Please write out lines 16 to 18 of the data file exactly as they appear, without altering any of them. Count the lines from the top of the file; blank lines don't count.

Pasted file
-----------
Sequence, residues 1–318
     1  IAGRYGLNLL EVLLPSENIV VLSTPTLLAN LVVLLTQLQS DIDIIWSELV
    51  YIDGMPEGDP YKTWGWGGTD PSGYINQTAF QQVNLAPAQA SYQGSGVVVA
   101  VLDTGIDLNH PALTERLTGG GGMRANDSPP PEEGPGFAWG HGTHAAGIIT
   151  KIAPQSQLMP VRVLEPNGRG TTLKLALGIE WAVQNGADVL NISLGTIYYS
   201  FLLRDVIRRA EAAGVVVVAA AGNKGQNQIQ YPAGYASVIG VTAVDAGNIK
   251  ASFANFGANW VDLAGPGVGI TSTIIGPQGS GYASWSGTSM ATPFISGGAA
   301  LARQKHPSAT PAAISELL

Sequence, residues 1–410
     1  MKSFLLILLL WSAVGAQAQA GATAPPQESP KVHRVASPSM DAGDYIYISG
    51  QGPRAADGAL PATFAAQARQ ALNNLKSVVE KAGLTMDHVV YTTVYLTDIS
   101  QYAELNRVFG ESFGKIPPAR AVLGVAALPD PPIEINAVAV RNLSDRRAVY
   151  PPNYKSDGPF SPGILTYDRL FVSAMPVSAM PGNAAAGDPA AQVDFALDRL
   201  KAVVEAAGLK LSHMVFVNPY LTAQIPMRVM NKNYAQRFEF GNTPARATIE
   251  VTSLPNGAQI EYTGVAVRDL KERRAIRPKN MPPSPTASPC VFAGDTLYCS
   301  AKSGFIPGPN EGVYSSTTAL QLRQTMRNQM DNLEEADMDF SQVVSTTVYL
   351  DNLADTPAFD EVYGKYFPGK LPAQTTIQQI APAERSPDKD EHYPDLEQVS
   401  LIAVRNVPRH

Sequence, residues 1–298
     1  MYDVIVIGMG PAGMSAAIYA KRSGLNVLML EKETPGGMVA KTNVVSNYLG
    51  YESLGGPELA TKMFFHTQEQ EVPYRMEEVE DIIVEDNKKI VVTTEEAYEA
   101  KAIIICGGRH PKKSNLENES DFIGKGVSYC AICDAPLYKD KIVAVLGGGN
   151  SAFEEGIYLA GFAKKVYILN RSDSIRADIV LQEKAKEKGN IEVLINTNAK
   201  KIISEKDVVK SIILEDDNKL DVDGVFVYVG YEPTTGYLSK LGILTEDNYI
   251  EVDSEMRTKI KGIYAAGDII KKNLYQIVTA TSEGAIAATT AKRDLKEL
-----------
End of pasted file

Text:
   301  AKSGFIPGPN EGVYSSTTAL QLRQTMRNQM DNLEEADMDF SQVVSTTVYL
   351  DNLADTPAFD EVYGKYFPGK LPAQTTIQQI APAERSPDKD EHYPDLEQVS
   401  LIAVRNVPRH